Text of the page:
You may want to adequately insure your snack bar while participating at high school sports events in your area. Independent insurance agents can give you unbiased advice about what the potential risk factors are and what you need for peace of mind. 

How Much Does It Cost to Insure Your Snack Bar?

The short answer? It varies depending on your situation. 

A small business insurance policy for a snack bar usually includes a number of different coverages, so it’s important to understand each cost factor that affects common types of business insurance. 

Cost Factors for Most Types of Insurance

  • Condition of the property: Newer buildings will often draw lower costs because updated facilities are often safer and generally in better shape. Conversely, older buildings are more likely to be susceptible to deterioration or create unwanted hazards, which can result in more claims. 
  • Size of premises: The larger your snack bar, the more opportunities there are for claims to be made. Thus, it’s likely you will end up paying more for insurance premiums.
  • Claims history: Snack bars with few claims in their history will typically receive a discount on premiums due to the likelihood that fewer claims will be filed in the future. Locations with more claims than are typical will have higher premiums.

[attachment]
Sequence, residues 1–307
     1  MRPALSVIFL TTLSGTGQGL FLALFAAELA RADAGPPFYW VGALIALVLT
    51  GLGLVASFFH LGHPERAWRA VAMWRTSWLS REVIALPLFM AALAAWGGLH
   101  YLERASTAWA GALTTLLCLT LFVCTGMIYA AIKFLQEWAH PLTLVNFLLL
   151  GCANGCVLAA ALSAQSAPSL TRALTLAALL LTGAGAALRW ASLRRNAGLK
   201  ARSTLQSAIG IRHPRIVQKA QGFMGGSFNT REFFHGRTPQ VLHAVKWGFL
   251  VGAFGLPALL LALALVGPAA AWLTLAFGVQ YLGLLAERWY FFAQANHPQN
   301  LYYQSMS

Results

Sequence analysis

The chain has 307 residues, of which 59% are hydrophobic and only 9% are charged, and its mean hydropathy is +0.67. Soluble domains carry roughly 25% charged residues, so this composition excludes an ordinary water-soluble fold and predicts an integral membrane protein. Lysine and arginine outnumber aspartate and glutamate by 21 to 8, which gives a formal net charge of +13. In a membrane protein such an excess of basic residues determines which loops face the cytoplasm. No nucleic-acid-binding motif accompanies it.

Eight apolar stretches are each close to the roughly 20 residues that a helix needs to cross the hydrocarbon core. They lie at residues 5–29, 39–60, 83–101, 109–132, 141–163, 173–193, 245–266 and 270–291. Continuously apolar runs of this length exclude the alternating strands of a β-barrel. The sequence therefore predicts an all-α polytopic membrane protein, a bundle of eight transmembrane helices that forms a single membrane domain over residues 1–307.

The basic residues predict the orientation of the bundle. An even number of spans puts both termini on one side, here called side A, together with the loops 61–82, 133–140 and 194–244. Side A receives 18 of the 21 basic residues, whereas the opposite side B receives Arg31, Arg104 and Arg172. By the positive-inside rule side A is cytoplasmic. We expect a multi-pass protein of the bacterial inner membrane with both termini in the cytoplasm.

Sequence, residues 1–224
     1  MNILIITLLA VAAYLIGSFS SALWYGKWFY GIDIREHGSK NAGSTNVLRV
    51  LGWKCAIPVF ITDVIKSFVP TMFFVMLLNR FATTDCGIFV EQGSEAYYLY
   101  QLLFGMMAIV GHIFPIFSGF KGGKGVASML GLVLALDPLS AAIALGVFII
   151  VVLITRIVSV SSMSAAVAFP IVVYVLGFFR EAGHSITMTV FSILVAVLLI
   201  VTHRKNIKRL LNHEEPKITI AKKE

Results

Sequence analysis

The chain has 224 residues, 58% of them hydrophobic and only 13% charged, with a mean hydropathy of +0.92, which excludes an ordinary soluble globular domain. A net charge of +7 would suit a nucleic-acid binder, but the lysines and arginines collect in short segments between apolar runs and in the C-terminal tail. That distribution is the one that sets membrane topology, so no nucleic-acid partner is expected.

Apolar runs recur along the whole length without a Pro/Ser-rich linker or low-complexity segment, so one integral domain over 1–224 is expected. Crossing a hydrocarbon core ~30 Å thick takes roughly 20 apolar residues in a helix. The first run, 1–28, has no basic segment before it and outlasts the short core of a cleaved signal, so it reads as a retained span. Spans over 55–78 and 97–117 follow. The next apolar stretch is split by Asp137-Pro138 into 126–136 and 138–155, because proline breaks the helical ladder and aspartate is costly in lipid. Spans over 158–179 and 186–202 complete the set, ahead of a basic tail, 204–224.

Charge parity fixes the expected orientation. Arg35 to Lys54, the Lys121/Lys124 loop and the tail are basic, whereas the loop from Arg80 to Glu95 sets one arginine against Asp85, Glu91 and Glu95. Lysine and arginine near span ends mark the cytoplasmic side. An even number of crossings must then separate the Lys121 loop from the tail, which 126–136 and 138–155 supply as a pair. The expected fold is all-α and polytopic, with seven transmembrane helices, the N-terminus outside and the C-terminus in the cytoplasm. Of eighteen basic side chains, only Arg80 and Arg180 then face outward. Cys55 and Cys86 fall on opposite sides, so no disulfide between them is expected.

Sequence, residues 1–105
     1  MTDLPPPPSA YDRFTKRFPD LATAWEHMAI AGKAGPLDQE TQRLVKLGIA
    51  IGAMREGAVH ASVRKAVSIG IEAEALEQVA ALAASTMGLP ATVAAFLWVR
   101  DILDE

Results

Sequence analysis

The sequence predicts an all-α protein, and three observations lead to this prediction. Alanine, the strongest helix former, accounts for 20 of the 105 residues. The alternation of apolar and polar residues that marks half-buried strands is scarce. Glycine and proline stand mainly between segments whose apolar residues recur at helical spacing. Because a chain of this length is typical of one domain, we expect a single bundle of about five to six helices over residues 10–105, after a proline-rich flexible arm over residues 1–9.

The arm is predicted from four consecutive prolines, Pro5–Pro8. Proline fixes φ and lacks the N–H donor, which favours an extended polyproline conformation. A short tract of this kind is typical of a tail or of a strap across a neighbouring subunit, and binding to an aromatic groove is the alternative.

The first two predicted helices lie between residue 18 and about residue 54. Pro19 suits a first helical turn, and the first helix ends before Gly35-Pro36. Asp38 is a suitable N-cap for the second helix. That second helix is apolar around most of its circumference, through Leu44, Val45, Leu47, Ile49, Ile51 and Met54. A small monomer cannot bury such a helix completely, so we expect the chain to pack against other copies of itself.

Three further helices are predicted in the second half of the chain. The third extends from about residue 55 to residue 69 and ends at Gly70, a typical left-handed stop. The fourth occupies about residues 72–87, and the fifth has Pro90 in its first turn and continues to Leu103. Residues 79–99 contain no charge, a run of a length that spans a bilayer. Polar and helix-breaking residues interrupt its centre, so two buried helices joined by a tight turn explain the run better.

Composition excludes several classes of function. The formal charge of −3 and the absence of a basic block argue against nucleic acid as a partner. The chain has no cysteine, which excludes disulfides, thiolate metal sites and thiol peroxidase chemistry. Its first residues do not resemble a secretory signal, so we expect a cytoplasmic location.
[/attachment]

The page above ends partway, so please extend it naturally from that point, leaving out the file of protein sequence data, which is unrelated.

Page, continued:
• Business hazards: The more hazardous the operations of your snack bar, the higher the premium costs. If your business has a number of appliances, like a cappuccino machine or an oven, you can expect premiums to be higher. 
  • Payroll size: Because workers’ compensation insurance pays benefits to employees based on a percentage of their salary, the larger your overall payroll, the more you’ll pay in premiums. 
  • Employment status of employees: Full-time employees cost more to insure, since they spend more time directly involved at your snack bar and are exposed to more risks in the workplace.
  • Number of employees: The more employees your snack bar has, the greater the premiums you’ll have to pay. 
  • Severity potential: If your snack bar generates lots of revenue or has substantial assets, such as inventory, expect higher premiums to cover the replacement cost. This can be compounded by other factors, such as crime demographics and how many people visit your snack bar daily.